Introduction To Paye Classroom

An Introduction to Payroll and PAYE for New Employers

Written by Administrator
21 Feb 2024

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So you’ve started your own business and realize you need to employ someone, (congratulations by the way, on getting this far, it’s a achievement in it’s own right).

Employing someone for the first time is a big step and there’s a lot to consider, interviewing people, their suitability for the role, employers insurance, training, HR, payroll, the list goes on and these are just some of the things you need to consider, we know, we were once a new employer ourselves.

In this series of articles we aim to touch on and give you a better understanding of payroll and the things you must do and the things you need to think about.

Over the coming weeks, we’ll be posting new articles.  Each article will have relevant links to various sources of information to help you further, such as HMRC or The Pension Regulator, but if there’s something, we haven’t covered send us an email with your question and we’ll get right back to you.

Introduction To Paye Classroom

So lets jump in…..

Here’s a list of the topics to be covered:

  • An introduction to PAYE
    • Payments and Deductions
    • Reporting to and paying HMRC
  • Registering as an Employer
  • Payroll Software
  • Outsourcing Payroll
  • Starters and Leavers
  • What is a Tax Code and What Does it Mean?
  • Running Payroll for the First Time
  • What You Need to Know About Workplace Pensions
  • Paying your Employee/s
  • Paying HMRC
  • Payroll Year End (Employer and Employee)
  • Statutory Payments, such as Maternity Pay, Sick Pay
  • Tips for Payroll

An introduction to PAYE

PAYE stands for Pay As You Earn and is a system for recording pay and deductions for your employees and reporting this information to HMRC, (His Majesty’s Revenue & Customs).

! If your employee earns less than £123.00 per week, or £533.00 per month, you do not need to register with HMRC for PAYE, BUT YOU DO NEED TO KEEP PAYROLL RECORDS. These figures are correct at date and time of writing. Always check with HMRC.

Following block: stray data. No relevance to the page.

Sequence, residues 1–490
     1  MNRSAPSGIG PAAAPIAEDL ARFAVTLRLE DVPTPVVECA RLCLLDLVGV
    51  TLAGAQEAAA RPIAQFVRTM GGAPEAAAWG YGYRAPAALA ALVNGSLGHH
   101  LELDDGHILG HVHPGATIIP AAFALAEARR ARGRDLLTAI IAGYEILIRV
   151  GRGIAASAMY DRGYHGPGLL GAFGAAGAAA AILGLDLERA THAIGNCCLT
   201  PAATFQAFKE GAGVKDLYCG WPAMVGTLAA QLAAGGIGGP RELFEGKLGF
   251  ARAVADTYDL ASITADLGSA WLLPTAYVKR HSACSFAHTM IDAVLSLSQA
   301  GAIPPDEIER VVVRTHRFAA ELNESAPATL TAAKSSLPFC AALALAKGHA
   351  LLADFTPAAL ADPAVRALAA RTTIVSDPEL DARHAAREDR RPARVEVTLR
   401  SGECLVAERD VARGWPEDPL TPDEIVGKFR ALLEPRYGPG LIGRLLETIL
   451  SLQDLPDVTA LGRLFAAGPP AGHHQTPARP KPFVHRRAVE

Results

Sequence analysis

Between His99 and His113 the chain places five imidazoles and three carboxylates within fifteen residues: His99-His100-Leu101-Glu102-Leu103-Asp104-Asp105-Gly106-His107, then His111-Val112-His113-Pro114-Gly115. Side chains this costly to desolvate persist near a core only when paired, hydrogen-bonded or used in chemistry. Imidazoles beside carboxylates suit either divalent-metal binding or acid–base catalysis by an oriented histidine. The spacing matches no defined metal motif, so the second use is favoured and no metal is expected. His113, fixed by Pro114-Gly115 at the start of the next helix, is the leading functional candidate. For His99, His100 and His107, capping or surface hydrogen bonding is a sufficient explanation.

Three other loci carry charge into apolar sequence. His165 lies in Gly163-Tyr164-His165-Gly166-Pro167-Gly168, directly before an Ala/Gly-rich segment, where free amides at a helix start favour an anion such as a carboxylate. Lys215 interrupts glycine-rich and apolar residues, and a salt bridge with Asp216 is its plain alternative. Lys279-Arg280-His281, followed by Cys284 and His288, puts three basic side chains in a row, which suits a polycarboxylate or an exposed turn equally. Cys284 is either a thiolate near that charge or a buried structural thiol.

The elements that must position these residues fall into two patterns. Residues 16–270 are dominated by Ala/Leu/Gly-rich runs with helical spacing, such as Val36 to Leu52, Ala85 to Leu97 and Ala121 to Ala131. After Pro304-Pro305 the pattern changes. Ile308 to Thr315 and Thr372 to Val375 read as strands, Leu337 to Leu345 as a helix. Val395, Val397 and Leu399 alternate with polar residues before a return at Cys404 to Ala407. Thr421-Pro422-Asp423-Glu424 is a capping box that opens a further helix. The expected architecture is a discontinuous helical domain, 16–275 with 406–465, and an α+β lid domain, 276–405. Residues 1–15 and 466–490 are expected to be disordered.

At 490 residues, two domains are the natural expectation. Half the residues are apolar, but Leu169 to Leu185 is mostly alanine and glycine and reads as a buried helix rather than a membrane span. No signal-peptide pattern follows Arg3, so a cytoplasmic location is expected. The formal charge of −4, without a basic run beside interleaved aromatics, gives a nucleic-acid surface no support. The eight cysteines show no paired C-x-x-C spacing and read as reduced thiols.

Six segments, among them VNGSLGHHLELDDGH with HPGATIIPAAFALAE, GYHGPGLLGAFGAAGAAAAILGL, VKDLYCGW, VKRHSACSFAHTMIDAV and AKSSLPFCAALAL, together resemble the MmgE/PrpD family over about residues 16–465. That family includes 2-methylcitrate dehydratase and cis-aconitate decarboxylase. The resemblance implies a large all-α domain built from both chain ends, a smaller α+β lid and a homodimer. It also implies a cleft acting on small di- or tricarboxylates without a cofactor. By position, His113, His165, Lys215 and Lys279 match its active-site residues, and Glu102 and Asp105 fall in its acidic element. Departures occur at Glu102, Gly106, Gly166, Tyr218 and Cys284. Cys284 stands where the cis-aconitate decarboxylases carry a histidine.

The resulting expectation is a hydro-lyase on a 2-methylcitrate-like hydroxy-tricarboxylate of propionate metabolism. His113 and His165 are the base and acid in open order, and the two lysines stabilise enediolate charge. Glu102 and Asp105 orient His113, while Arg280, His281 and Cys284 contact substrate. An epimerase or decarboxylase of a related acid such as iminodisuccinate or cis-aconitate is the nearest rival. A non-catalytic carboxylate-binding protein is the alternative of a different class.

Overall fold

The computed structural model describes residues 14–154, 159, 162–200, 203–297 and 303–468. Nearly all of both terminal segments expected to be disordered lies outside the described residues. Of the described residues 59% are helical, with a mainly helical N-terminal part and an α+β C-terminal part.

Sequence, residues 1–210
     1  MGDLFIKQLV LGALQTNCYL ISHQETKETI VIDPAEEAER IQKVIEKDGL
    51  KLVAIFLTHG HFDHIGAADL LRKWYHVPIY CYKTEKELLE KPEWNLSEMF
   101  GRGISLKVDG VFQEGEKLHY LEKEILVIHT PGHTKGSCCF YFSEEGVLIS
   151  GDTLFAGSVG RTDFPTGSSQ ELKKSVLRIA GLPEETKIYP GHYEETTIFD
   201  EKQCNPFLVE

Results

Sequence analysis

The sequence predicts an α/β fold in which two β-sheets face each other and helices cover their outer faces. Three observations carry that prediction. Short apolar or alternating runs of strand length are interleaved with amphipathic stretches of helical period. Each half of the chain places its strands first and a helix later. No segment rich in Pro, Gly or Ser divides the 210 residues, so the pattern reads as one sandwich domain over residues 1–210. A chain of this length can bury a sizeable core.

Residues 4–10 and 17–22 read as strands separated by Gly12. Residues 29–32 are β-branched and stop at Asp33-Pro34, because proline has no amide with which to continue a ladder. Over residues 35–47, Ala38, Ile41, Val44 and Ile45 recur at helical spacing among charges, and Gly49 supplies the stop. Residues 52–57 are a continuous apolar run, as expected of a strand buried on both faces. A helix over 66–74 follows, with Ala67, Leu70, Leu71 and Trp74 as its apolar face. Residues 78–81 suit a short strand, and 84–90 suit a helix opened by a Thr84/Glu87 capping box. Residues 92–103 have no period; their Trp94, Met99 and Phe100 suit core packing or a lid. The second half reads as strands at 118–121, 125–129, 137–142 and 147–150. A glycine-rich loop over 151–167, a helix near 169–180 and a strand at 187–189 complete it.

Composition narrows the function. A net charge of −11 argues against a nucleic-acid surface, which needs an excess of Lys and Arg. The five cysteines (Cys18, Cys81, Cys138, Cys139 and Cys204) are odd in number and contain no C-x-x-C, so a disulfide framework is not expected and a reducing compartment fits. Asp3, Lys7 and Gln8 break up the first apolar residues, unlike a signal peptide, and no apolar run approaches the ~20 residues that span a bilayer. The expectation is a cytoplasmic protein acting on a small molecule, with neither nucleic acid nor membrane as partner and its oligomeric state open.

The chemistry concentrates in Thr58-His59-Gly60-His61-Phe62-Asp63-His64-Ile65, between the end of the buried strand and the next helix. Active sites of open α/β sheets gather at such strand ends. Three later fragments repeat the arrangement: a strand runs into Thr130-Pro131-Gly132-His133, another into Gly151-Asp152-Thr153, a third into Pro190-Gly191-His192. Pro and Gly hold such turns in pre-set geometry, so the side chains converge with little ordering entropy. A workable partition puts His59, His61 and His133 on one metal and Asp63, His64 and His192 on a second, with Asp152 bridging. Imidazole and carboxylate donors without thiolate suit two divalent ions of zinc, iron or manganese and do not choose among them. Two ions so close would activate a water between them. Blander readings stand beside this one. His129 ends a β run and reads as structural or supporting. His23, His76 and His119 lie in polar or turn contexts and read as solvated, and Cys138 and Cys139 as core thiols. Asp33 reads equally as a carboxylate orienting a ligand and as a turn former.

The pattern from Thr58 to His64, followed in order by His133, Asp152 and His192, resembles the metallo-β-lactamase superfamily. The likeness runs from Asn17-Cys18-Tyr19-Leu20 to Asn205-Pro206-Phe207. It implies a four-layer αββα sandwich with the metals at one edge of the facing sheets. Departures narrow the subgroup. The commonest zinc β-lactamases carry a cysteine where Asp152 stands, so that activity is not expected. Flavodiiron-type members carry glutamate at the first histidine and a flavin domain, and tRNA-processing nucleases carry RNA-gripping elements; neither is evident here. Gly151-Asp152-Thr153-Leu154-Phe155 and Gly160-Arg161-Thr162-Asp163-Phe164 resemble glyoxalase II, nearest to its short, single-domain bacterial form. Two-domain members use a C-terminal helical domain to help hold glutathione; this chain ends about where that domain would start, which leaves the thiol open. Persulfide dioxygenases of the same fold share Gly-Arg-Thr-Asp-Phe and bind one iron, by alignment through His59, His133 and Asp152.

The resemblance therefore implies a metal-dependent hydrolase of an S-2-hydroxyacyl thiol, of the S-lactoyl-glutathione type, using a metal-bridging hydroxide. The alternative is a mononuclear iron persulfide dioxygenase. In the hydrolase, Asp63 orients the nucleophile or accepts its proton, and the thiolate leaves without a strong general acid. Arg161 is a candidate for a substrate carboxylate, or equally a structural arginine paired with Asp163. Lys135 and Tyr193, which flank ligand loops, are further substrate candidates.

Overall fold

Introduction To Paye New Employers

Payments and Deductions

Payments to your employees

Generally speaking, when you pay your employee/s this will include things such as basic pay, overtime payments, commission, bonus, expenses.  With the exception of expenses, these items of pay are generally referred to as “Gross Pay” 

! Expenses, such as a remote employee buying a stamp for work, are job-related costs listed as "expenses" on payslips and are exempt from income tax, national insurance, and pension contributions .

Deductions from their pay

There are a number of deductions that may need to be made from your employees pay such as national insurance, income tax, pension contributions.  Other types of deductions can include, student loan, company loan, advance payments, union fees, attachment orders.

Reporting to and paying HMRC

If you are running payroll yourself, you’ll need to report all of your employees pay and deductions to HMRC on or before, each pay day via an FPS, (Full Payment Submission).  This is the name given to the report you will send via your payroll software.  The FPS details all employees on your payroll, how much they have been paid and all of the statutory deductions from their pay, such as income tax and national insurance.

! It is important you send payroll information on or before your pay date.  If you send payroll information late, you may get a fine or a penalty if you don't have a valid reason.

Your payroll software should work out how much tax and national insurance you owe HMRC

If you are claiming any money back from HMRC, you will need to file another report, known as an EPS or Employer Payment Summary.  Things you can claim back are Statutory Maternity Pay, Paternity Pay.  These items will reduce the amount of money you owe HMRC.

Paying HMRC

There are a number of ways to pay HMRC, Direct Debit, Standing Order, Online Payment and you can find details here of the different ways to pay HMRC.

Introduction To Paye New Employers In Classroom


  • PAYE stands for Pay as you Earn
  • If your employee earns less than £123.00 per week, you do not need to register as an employer but must keep payroll records
  • Salary, basic pay, overtime, bonus, commission are all types of gross pay
  • Expenses are exempt from income tax and national insurance
  • Types of deductions from pay are income tax, national insurance, pension contributions, student loans, union fees, attachment orders
  • You must file your payroll returns with HMRC on or before your wages/salary pay date.
  • To claim money from HMRC you must file a separate return. You can claim for things such as maternity pay

So that’s about it for this article. 

We hope it has given you an overview of Payroll and PAYE. If you found it useful, why not check out the next article in the series, How to Register as an Employer with HMRC

Our next article will cover registering with HMRC as an employer and will take you step by step through the process.  In the meantime, if you have any questions, would like us to cover other topics or just need help with your payroll, please get in touch for a confidential, no obligation chat.

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